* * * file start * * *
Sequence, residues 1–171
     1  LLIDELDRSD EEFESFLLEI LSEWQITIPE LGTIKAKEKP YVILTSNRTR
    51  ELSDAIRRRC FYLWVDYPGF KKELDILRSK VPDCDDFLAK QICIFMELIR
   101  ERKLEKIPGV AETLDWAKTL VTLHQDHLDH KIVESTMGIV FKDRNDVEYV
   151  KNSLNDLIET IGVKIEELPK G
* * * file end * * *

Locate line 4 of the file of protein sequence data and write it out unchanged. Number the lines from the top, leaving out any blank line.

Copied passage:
   101  ERKLEKIPGV AETLDWAKTL VTLHQDHLDH KIVESTMGIV FKDRNDVEYV